You shouldn't mimic other people's vices. You know very well that these habits are going to haunt you anywhere you go. This is where most wannabe quitters fold - once they see someone smoke or drink or take drugs in front of them, they get this intense feeling that they shouldn't have tried quitting in the first place. If you're able to go past that stage, the rest is just a formality. And of course, you'll find a great deal of support here as well, I guarantee it.
  16. stariie

    stariie Community Champion

    When you're trying to quit a bad habit, it's very hard to be around people who have the same vice as you do. A person really has to want to stop doing what they are doing, and part of that really wanting to stop is coming to terms with the fact that you can't be with the same people that you used to be with.

    Things might be challenging in a work environment, because one falls into a pattern or habit of smoking when on break, or at lunch. But if you really want to quit, you have to get tough with yourself, because giving up cigarettes is a fight.
  17. jon

    jon Active Contributor

    Try and get yourself into a better situation. And make up your mind that you are not going to do drugs.
  18. froggy666

    froggy666 Member

    I really agree that helps hard to find. I managed to get lucky in that one of my University professors noticed I had a problem and that I should get help. It was them that recommended I go to the University's Psychologist. It took weeks of missed appointments before I finally just sucked it up and went. I've been seeing them twice a week for half a year now and I've went from drinking daily to maybe one or two a week. If i'm with good friends. But I can't advocate enough just how much talking about it helped. Just saying I have a problem seemed to take a weight off my chest.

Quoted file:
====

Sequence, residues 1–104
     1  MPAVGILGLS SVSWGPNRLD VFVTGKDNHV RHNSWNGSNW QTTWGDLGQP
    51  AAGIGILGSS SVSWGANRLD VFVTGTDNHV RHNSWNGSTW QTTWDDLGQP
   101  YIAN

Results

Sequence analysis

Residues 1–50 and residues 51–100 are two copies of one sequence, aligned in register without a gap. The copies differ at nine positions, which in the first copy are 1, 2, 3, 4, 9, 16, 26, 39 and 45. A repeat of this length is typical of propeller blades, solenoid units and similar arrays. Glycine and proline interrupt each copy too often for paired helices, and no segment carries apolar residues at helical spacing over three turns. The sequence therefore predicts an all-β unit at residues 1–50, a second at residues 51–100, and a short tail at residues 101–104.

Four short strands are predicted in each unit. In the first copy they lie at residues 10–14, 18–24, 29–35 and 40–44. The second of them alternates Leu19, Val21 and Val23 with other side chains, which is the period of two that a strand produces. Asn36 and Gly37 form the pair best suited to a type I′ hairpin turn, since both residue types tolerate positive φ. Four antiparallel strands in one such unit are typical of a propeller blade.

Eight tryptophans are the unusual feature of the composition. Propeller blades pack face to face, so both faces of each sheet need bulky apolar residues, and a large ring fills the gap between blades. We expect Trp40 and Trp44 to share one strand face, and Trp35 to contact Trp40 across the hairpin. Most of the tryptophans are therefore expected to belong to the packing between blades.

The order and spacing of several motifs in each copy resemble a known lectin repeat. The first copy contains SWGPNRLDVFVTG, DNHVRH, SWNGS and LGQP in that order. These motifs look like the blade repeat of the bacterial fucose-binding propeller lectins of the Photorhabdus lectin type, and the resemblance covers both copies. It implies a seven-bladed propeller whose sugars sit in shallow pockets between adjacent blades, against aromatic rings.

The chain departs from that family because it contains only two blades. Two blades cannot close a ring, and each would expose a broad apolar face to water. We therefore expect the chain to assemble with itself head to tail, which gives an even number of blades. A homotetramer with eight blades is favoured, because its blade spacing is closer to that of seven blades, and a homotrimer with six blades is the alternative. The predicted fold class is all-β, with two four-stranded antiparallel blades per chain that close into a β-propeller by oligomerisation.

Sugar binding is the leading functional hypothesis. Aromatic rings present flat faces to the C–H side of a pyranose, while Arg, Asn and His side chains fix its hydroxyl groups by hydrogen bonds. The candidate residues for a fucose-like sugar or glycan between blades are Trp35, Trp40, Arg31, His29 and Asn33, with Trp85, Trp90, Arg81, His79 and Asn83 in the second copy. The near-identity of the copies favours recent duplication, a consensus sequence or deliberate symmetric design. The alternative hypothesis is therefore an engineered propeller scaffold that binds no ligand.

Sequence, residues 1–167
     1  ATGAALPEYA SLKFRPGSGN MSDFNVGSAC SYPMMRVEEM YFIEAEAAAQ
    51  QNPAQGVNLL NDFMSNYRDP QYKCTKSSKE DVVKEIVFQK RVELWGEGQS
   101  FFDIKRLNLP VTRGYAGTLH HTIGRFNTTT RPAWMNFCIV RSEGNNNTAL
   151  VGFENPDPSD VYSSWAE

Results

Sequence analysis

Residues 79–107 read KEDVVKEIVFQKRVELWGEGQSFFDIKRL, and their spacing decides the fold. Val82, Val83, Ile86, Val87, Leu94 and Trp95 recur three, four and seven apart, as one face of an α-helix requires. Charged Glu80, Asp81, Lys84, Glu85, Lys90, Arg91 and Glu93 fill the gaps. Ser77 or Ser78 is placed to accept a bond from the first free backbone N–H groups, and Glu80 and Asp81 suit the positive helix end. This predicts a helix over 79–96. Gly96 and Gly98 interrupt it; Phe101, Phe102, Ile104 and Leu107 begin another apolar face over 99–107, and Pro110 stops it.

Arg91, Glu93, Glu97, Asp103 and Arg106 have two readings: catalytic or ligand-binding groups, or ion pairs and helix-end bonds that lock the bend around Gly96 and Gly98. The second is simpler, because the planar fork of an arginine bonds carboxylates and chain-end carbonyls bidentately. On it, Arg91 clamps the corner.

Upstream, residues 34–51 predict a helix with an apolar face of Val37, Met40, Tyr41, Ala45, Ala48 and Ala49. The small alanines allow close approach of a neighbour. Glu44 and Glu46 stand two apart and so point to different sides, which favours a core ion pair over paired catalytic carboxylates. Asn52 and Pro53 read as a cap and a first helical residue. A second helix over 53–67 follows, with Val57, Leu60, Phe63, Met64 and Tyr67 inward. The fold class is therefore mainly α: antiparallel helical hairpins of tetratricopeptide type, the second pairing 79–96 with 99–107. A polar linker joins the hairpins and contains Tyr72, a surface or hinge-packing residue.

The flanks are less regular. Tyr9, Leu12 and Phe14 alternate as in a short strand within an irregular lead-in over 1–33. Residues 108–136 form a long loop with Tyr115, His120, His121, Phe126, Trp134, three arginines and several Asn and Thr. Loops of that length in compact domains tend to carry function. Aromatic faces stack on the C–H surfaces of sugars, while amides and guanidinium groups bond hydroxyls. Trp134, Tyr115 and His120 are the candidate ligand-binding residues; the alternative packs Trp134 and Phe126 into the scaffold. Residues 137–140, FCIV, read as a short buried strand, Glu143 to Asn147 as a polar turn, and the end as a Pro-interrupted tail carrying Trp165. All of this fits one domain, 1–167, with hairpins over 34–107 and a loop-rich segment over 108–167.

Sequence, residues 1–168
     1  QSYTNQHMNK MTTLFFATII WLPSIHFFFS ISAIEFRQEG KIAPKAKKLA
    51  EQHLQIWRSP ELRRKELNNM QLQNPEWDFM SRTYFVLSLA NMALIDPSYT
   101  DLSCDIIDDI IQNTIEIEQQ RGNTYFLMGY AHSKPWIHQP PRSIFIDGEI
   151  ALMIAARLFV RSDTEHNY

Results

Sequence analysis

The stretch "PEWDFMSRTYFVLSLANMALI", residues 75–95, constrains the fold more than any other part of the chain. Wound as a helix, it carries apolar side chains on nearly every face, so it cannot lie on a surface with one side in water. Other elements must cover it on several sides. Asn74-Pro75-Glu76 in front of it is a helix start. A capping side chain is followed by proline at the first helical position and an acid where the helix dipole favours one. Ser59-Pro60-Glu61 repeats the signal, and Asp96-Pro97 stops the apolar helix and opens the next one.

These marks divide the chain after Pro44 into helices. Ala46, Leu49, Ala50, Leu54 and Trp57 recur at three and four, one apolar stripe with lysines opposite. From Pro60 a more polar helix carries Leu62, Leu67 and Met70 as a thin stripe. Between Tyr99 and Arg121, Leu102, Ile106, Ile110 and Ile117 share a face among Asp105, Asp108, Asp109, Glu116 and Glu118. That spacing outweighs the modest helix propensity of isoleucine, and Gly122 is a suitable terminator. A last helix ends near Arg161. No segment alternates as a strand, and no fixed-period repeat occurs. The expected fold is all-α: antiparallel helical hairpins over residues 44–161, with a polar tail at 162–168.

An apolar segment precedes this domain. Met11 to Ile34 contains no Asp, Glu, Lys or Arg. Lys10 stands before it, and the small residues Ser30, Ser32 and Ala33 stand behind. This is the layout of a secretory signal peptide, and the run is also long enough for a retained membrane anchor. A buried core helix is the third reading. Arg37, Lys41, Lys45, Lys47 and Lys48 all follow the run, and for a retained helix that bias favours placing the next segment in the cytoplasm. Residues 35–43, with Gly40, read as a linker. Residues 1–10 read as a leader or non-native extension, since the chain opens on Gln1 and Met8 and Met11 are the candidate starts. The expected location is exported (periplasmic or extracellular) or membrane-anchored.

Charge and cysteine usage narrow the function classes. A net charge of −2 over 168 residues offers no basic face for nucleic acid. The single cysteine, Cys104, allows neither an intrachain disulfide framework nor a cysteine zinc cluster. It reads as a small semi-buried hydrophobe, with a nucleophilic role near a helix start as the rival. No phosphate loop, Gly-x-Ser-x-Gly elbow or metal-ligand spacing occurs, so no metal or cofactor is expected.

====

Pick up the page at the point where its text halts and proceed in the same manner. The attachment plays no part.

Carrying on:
19. TommyVercetti

    TommyVercetti Community Champion

    It's extremely difficult but you have to make the decision to cut out all your bad influences and stick to those who support your will to change. Adult social lives can still have as much peer pressure as when you were in highschool. Find friends tat are supportive or go to support groups to find like-minded individuals. It will be easier that way.
  20. Charli

    Charli Community Champion

    Very true. I think it's very sad when your family isn't equipped to communicate with you in a civil and non judgmental way, but thankfully nowadays we already have forums like these where you can actually hear from other people and possibly have a better chance at realizing that sometimes families can't or don't support you the way you need to.